Last week we held a second workshop to discuss the creation of a copyright literacy strategy at the University of Kent (slides here). We began the process back in May and we identified a range of areas where the group felt copyright literacy was relevant. I got some very helpful pointers in how we should update our copyright policy and I will talk more about that in a future post. However for this post, I wanted to cover the idea of taking a strategic approach to copyright literacy, think about what it actually means and talk about some of the things that came up in the discussion.
I decided to start by looking at the University’s current “Kent 2025” strategy and think about the way it was structured. Clearly, any attempt to look at copyright literacy from a strategic perspective would need to link back to the institution’s overall strategy otherwise there would be no justification for doing so. Like many people I have sometimes found strategies quite difficult to work with. In my experience they can include vague statements that don’t help to distinguish why one organisation is different from any other. However, in looking at the Kent strategy I was pleased to see some things which stood out as important, distinctive and helpful for thinking about how and why we might want to raise awareness of copyright.
The Kent 2025 document states a clear vision and a set of values, followed by a series of ambitions and actions. I picked out a few areas that I thought were relevant to copyright:
- our ambition to continue to support cultural life in order to be a leading civic university,
- our strong links with Europe [I noted that there is an ongoing programme to harmonise EU copyright law],
- our commitment to delivering education in a variety of ways, including online,
- upholding the value of freedom of speech with the law and freedom of enquiry,
- equality, diversity and respect – a key aspect of which is creating accessible materials for our students and staff
Inspired by these I proposed a number of statements or ideas relating to copyright literacy which I asked those at the workshop to comment on or add to, which are in the table below.
|Two-year vision?||Valuing a responsible yet critical approach?|
|To be a copyright literate institution?||Acting lawfully but acknowledging the need to challenge assumptions?|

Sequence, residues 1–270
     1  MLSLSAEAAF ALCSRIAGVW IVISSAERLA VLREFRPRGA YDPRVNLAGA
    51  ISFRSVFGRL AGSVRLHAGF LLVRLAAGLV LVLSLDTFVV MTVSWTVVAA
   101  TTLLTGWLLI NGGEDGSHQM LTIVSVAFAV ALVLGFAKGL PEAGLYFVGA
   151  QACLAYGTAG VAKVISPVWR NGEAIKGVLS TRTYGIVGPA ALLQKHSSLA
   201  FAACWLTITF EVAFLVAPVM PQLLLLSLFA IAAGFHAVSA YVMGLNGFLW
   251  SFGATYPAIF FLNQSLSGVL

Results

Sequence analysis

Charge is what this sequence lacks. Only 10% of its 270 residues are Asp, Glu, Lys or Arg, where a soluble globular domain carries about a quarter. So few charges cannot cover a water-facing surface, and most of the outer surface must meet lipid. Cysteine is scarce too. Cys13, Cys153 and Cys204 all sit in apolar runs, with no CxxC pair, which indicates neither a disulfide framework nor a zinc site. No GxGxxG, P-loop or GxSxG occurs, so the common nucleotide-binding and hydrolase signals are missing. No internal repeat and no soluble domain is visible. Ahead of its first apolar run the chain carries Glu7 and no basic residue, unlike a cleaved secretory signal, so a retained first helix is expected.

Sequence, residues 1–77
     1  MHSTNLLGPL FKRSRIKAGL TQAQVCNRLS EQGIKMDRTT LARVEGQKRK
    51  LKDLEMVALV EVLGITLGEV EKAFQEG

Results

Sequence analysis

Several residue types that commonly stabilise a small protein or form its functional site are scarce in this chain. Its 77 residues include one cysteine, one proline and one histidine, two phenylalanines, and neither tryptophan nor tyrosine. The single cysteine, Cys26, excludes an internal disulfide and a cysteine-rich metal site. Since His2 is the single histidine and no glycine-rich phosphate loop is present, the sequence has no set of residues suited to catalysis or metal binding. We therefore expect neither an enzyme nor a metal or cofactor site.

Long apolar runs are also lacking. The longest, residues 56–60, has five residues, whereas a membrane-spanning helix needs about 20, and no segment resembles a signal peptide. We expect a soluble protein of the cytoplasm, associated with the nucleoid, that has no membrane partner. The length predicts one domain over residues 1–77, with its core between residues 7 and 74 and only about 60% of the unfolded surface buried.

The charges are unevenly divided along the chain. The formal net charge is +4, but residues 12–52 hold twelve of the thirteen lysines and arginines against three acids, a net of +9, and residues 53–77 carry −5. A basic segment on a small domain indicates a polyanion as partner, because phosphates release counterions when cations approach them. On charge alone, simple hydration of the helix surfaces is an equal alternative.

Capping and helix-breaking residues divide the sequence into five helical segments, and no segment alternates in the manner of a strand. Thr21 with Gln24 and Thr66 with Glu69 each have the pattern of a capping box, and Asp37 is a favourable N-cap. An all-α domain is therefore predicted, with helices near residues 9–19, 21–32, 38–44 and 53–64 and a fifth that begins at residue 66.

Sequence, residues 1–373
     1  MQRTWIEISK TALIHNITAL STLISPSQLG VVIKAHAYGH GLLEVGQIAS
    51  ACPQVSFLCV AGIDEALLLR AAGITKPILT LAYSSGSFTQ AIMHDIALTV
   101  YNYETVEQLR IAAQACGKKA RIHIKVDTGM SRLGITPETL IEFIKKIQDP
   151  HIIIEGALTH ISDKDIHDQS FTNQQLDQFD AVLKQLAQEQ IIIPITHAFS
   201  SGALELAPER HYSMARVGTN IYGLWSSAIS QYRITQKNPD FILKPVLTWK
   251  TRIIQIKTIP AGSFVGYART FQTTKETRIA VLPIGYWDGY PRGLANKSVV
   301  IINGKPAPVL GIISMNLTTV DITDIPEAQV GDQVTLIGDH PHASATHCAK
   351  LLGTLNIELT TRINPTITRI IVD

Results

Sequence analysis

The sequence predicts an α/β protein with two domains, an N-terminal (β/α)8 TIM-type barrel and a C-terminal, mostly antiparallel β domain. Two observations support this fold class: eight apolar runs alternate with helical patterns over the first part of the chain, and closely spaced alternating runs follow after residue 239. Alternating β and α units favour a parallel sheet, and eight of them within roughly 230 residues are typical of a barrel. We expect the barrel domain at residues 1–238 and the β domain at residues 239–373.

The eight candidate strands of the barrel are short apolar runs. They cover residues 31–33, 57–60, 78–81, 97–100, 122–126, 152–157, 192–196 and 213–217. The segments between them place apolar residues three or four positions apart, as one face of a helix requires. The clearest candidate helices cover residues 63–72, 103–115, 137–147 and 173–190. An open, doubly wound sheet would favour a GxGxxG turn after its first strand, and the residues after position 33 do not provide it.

|To take full advantage of the provisions in UK copyright law?||Balancing copyright compliance with freedom of speech and academic freedom?|
|Avoid copyright being a barrier, particularly around misunderstandings?||Fostering a culture of…
I found this to be a really interesting exercise which revealed a lot about what a copyright literacy strategy might need to look like and what its purpose would be. As is often the case when discussing copyright, the tensions between different perspectives became very apparent. The potential vision of “becoming a copyright literate institution” generated a lot of debate as to what that actually meant. It clearly wouldn’t mean finding a single consensus position within the University on all issues where copyright is relevant – for example how to approach the recording of lectures and the use of those recordings after the event. However, one suggestion that came out of this process was to try to prepare for the ways in which these tensions might play out and prepare for expressing them in a constructive way. It might also be useful to consider the ways in which decisions are made about ownership of copyright and liability for infringement, as well as situations where policies and practices are open to interpretation and debate.
One thing that arose which I think should be a key component of the strategy is expressing a vision and set of values where individuals and groups are able to make autonomous but informed decisions about copyright. I found during my masters research last year that many universities were not clearly able to express the ways that decisions around copyright were made, and that there was a confusion between concepts of responsibility and accountability. It was good to hear my colleagues talking about ways that we might address this by explicitly conveying the the need to work with copyright issues in a nuanced way.
The discussion about institutional culture was also very useful, with the acceptance that our institution (like many) is not looking to adopt a high risk strategy in the current political and economic climate. However, we did identify the possibility of expanding people’s perception of risk through education so that they weren’t being overly cautious and potentially limiting the institution’s ability to achieve its aims.
In addition to the above we made quite a bit of progress on the strategic ambition and actions and, as previously mentioned, the copyright policy. However, both of those are to feature in future posts. In the meantime I have agreed to produce a draft copyright literacy strategy document which I will send out to the working group for further comment.
I would be very happy to share further reflections from anyone who is going through a similar process at their own institution. I am also very pleased to have heard recently that my and Jane Secker’s proposal to present on copyright literacy, open practice and the role of academic development has been accepted for the SEDA Autumn Conference in November. That will be an opportunity to reflect on the ways in which strategies and policies relating to copyright influence academic practice. In the meantime, have a great summer and I’ll post again on developments at Kent as soon as I can.